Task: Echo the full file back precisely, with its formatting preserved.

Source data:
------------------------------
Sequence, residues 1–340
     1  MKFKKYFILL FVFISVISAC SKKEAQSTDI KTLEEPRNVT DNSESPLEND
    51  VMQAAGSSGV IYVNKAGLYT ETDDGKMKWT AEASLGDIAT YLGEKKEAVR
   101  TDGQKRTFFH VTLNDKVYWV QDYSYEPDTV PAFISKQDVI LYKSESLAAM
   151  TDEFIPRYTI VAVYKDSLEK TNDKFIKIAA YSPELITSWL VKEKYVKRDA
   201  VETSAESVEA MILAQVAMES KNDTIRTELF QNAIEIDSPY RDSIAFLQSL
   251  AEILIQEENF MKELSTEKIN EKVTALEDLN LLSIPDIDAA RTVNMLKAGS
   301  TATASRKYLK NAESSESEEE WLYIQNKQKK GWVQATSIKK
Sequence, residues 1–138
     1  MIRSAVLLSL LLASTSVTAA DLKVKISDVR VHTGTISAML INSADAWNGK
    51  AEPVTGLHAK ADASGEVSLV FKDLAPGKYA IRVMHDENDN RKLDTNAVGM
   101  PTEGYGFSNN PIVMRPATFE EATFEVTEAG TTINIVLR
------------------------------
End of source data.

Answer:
Sequence, residues 1–340
     1  MKFKKYFILL FVFISVISAC SKKEAQSTDI KTLEEPRNVT DNSESPLEND
    51  VMQAAGSSGV IYVNKAGLYT ETDDGKMKWT AEASLGDIAT YLGEKKEAVR
   101  TDGQKRTFFH VTLNDKVYWV QDYSYEPDTV PAFISKQDVI LYKSESLAAM
   151  TDEFIPRYTI VAVYKDSLEK TNDKFIKIAA YSPELITSWL VKEKYVKRDA
   201  VETSAESVEA MILAQVAMES KNDTIRTELF QNAIEIDSPY RDSIAFLQSL
   251  AEILIQEENF MKELSTEKIN EKVTALEDLN LLSIPDIDAA RTVNMLKAGS
   301  TATASRKYLK NAESSESEEE WLYIQNKQKK GWVQATSIKK
Sequence, residues 1–138
     1  MIRSAVLLSL LLASTSVTAA DLKVKISDVR VHTGTISAML INSADAWNGK
    51  AEPVTGLHAK ADASGEVSLV FKDLAPGKYA IRVMHDENDN RKLDTNAVGM
   101  PTEGYGFSNN PIVMRPATFE EATFEVTEAG TTINIVLR